I wonder if his post US open press day where he was doing interviews and photo shoots made him think that in small doses it's not so bad to be in the limelight.
I think the interviews after the US Open, which were also his first proper stab at general press after the Olympics win, would have felt very different to the general media/showbiz stuff done in the past. I think in his mind, there was always a sense of not quite having earned it.
He didn't have to wait for someone to ask "so when are you going to win a slam?", which is the sort of thing he'd be asked straight after a brilliant victory in a Masters. He could be confident that most journalists were more interested in talking about his achievements, not his personal life, or gripes about being too negative or whatever.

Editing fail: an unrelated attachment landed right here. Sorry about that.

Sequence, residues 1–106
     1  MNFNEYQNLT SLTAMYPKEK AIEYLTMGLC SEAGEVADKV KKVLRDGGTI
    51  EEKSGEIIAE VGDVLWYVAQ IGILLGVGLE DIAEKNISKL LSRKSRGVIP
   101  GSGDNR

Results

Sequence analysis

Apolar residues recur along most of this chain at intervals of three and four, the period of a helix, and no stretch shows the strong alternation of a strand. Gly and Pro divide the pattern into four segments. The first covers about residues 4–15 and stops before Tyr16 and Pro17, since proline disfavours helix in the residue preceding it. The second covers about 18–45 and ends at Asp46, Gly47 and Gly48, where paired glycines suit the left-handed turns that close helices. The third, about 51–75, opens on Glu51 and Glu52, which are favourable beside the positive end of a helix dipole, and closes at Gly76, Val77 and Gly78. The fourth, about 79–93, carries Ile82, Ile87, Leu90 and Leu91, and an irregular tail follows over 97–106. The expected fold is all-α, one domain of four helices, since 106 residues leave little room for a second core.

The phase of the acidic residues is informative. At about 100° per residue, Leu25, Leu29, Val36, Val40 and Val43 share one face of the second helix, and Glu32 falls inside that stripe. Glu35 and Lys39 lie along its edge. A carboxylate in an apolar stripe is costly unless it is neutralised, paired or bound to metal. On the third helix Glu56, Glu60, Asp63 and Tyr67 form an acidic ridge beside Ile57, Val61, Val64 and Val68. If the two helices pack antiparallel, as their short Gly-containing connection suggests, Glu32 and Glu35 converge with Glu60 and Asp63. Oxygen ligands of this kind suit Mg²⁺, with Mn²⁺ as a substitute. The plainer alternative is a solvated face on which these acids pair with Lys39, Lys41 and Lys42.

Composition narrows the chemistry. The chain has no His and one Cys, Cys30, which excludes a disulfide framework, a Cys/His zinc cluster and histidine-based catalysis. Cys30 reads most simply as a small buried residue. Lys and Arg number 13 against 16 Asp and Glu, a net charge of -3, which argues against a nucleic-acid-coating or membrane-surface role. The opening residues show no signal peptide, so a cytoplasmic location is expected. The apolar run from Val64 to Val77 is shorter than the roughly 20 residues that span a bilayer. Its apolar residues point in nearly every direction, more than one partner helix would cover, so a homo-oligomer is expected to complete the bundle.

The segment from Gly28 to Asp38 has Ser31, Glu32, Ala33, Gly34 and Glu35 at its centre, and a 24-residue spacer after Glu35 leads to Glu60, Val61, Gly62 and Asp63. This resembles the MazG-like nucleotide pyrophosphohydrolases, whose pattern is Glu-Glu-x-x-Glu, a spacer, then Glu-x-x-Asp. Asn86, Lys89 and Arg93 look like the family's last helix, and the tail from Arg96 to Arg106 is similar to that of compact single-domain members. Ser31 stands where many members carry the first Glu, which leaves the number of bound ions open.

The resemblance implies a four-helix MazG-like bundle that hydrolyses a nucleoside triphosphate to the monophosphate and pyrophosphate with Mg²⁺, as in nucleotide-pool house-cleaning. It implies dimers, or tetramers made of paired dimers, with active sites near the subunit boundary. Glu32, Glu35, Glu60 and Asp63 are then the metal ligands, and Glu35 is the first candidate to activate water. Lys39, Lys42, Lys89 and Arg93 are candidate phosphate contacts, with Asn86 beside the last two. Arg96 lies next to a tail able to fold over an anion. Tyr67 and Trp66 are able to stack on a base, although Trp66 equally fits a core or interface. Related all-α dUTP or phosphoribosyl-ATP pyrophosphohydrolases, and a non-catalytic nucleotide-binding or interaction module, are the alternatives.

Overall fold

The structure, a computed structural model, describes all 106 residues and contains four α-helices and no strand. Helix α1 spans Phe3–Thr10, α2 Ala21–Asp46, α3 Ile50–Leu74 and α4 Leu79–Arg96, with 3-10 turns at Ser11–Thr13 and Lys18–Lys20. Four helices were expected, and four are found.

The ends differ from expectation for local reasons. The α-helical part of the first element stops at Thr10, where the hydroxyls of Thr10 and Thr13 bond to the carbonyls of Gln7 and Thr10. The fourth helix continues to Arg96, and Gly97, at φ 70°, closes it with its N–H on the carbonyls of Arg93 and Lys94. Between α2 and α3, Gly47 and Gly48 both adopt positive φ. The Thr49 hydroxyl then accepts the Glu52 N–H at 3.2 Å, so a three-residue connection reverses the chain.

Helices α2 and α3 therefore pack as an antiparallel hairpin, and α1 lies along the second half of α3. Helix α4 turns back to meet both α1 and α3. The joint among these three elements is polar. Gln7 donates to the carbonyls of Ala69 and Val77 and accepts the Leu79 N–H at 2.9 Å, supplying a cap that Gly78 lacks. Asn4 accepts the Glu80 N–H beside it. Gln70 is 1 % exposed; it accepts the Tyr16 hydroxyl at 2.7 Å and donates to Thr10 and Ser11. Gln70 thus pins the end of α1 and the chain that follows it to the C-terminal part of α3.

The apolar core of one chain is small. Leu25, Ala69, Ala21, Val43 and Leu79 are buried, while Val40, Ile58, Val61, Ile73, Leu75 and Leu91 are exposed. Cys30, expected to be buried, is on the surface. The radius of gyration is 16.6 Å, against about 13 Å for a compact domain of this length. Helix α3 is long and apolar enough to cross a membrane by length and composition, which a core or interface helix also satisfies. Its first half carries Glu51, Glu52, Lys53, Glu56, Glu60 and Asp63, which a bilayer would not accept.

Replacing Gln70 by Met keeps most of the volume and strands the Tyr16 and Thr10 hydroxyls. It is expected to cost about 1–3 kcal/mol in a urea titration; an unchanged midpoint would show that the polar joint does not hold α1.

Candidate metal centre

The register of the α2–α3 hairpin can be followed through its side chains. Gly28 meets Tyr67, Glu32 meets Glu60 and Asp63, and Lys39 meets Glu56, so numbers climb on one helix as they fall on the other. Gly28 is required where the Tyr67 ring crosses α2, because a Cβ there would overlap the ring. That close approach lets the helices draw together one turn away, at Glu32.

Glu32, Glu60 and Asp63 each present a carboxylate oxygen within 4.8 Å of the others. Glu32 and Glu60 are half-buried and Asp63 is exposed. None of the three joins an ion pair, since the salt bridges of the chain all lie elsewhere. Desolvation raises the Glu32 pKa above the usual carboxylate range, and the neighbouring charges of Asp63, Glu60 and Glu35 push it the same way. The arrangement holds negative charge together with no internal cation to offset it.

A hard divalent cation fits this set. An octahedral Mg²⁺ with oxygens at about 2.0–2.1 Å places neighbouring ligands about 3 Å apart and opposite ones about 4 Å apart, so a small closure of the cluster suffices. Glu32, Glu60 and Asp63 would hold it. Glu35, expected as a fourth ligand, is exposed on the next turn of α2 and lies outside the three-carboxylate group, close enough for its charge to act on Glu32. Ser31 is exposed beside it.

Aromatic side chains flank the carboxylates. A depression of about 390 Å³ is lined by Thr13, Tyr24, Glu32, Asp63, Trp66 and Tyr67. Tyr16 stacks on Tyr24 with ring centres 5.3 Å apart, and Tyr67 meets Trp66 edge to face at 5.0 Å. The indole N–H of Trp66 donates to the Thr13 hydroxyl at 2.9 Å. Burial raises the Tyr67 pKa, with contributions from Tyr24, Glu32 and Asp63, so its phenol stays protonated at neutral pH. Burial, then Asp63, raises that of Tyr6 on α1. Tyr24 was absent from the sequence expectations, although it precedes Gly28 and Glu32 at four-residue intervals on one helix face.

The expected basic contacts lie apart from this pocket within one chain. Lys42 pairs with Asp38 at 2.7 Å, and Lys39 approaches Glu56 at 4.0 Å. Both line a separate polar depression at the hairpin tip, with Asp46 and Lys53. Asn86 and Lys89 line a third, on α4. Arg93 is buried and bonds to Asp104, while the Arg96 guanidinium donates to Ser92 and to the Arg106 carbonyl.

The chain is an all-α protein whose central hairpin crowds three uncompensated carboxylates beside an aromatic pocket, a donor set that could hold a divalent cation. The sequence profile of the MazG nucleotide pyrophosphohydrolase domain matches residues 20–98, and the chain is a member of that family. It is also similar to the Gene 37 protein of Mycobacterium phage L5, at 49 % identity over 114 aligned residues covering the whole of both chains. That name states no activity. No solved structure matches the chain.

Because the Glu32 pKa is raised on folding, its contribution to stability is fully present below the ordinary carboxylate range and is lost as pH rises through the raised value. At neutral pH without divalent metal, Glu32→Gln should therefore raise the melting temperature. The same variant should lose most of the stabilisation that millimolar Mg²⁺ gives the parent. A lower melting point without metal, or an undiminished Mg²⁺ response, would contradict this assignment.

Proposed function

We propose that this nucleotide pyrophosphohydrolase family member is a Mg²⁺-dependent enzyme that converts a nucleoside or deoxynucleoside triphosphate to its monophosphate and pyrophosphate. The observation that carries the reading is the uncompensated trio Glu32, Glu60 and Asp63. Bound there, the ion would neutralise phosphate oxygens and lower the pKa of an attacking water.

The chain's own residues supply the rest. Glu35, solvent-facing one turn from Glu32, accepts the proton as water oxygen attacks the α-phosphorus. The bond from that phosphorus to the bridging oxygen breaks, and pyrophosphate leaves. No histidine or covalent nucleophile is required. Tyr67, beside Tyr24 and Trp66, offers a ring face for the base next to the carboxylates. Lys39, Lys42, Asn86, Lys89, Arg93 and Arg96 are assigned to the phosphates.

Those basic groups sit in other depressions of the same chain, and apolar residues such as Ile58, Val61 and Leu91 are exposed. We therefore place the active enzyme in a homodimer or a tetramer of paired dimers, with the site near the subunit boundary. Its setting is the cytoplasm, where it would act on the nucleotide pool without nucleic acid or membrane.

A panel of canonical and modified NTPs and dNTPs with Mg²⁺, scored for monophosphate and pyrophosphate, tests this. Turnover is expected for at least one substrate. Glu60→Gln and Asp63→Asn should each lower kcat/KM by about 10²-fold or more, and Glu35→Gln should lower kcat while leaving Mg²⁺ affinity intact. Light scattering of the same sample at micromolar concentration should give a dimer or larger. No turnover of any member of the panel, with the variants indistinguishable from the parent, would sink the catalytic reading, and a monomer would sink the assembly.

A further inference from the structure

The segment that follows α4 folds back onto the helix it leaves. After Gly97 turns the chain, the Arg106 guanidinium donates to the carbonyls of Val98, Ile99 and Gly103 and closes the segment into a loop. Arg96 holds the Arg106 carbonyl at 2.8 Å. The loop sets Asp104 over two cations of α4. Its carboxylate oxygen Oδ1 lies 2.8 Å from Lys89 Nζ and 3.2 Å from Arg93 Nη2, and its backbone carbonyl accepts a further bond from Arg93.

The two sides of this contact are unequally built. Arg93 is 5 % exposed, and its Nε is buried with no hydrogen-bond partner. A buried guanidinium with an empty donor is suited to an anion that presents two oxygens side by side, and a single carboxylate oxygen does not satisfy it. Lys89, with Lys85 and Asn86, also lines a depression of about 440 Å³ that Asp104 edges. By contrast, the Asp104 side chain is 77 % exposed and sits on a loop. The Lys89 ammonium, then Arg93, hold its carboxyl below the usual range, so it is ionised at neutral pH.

I'm sure he still felt a bit silly doing some of the stuff they had him do, but even if he did think that getting piped into the British Consulate was a bit much, he could comfort himself with the fact that he had in fact just won the US Open, so it was OK to indulge these things.
Just as he didn't like to get ahead of himself by holding the big trophies before he'd won it for himself, he didn't want to get too comfortable with the showbiz style adulation until he'd achieved something more substantial.
He's not going to turn into Mr Showbiz any time soon (thank goodness), and I think he'll always be far more comfortable talking to the dedicated tennis and sports journalists, but I get a sense that it has helped to feel more relaxed about the whole process.
I also get the feeling that thanks to the Olympics more than the US Open, editors will expect their writers to be kinder. I loved that his two big wins this year gave the tennis writers that know Andy best the chance to write about how much they like and respect him as a person, and that certain people got it wrong. Tabloids will continue to be tabloids, but this Summer's bundle of positive coverage was the first pause for thought for some, and that sticks.